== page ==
Why it's Vital to Support Smallholder Farmers. Empowering the Weakest End of the Agricultural Chain

Why it's Vital to Support Smallholder Farmers. Empowering the Weakest End of the Agricultural Chain

November 8, 2019

Solene, our Communications Manager for the MAN Impact Accelerator speaks about the challenges faced by smallholder farmers and how they should be empowered rather than exploited by intermediaries, looking at examples from across our work at YSB. Her family run a small regenerative agroforestry farm on Evia Island in Greece so she knows more than most the difficulties and beauty of farming on a small scale.

Regenerative Agroforestry Farm in Evia: 8000 trees planted in order to restore the health of the soil & capture carbon from the atmosphere.

With increasing pressure on natural resources due to climate change and population growth, small scale agriculture plays an essential role in ensuring food security and maintaining the genetic diversity of our food supply. Smallholders (those working on up to 10 hectares) already play an essential role. In Brazil, for example, 70% of the food produced is grown by 5.1 million smallholder farmers.

Our food system should be something we are proud of - supporting socially fair and ecologically sustainable agricultural systems. Instead, farmers are unable to claim their fair share of food value chains which puts them under financial stress. As a result, they become socially vulnerable as they face issues ranging from insecurity to lack of access to education and malnutrition. We all count heavily on the work of these farmers to feed us, so let’s give them the attention they deserve!

YSB Portfolio: Campo Vivo. A social business improving the livelihoods of local farmers and their families living in low socioeconomic communities in rural Colombia

The various challenges disadvantaging smallholders in the food system include poor infrastructure, high costs of inputs and limited access to credit. However, one of the most important constraints they are facing today is gaining access to consistent and profitable markets for their produce.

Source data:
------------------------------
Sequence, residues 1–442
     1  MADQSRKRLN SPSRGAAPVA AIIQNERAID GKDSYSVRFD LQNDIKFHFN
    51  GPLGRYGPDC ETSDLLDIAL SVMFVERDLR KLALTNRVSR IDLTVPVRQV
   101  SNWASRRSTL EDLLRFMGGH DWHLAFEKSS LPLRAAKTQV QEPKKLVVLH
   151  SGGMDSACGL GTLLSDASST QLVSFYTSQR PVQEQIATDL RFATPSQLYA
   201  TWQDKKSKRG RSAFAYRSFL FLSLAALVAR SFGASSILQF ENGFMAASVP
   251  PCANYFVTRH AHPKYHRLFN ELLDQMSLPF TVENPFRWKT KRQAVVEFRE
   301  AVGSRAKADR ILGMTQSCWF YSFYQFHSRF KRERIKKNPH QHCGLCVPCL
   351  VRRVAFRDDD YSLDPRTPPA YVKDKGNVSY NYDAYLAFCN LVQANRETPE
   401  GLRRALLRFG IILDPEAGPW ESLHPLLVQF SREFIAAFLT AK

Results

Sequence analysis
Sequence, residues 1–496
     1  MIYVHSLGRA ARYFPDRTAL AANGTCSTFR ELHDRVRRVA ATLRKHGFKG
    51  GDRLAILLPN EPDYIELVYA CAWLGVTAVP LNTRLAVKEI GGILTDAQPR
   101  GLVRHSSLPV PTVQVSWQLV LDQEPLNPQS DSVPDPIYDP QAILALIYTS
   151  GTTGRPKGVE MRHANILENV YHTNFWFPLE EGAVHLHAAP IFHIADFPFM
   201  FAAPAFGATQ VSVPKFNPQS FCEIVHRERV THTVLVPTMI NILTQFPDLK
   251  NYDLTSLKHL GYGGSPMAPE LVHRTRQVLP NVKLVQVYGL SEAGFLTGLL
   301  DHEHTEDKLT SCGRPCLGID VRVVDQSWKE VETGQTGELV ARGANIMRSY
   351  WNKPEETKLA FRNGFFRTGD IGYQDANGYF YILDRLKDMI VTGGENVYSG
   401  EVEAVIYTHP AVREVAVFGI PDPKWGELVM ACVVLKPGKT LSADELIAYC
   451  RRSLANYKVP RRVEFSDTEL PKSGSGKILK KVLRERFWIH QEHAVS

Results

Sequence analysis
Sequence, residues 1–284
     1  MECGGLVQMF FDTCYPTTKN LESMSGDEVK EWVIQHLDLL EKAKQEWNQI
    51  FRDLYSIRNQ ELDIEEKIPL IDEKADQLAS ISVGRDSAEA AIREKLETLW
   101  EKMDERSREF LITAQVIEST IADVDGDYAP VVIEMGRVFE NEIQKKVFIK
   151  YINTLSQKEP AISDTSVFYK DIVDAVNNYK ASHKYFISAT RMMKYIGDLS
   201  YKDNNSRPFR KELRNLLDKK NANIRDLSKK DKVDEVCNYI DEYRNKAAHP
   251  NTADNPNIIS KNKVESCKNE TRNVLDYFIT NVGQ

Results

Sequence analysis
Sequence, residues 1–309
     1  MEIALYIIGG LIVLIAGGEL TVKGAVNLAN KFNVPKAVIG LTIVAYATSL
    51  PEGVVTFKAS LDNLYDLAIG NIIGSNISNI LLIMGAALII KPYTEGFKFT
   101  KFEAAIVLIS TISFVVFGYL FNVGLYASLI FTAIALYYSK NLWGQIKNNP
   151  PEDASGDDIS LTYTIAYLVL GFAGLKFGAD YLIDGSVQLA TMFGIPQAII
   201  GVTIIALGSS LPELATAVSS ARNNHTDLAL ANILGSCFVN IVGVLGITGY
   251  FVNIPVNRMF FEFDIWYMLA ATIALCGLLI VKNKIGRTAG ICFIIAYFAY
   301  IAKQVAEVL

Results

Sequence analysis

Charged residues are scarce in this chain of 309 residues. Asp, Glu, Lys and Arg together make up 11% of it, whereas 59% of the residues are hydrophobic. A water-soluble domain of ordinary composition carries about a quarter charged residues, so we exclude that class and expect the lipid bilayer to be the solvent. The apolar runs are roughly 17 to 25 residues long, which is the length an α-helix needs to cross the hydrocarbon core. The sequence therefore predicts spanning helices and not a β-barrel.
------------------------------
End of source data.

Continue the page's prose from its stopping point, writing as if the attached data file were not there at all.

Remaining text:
Smallholder farmers, especially in developing countries,  struggle to transform their product and distribute it to the final consumer. This is in part due to lack of access to post-harvest processing and storage facilities as well as a lack of appropriate marketing skills. This has led them to depend on a multi-layered system of middlemen to commercialize their produce. What is the problem with that? Let’s delve more into how the current food system functions!

HOW DOES FOOD PASS FROM FARMER TO BUYER?

You might not realise it, but your food undertakes a long and complex journey to reach you which involves many middlemen. They provide additional services at each stage of the value chain and therefore occupy the entire space between the production and the ultimate sale of the product. This means they take a disproportionately large share of profit margins at the expense of the farmer. The power this position confers to these middlemen leads to the paradox of consumers being overpriced while producers are struggling to make a living. According to the FAO, middle men sell to the final consumer products on average 20 times more expensive than what the farmer received for them.

WHY SHOULD YOU CARE AS A CONSUMER ABOUT THIS?

The highly fragmented supply chain means we have no sense of where our food originates which distances us from the social and environmental realities underpinning our food supply. This means you can unwittingly be supporting production methods that are socially unjust, while being detrimental to your health and the environment.

The distance between producer and consumer, makes it  easier for smallholders to remove themselves mentally and physically from their customers and therefore make compromises in their production methods such excessive use of hormones and pesticides. Your sense of responsibility is greatly diminished if you have never met the people you are feeding. Whereas, a direct link to a producer is a strong deterrent to having short sighted view.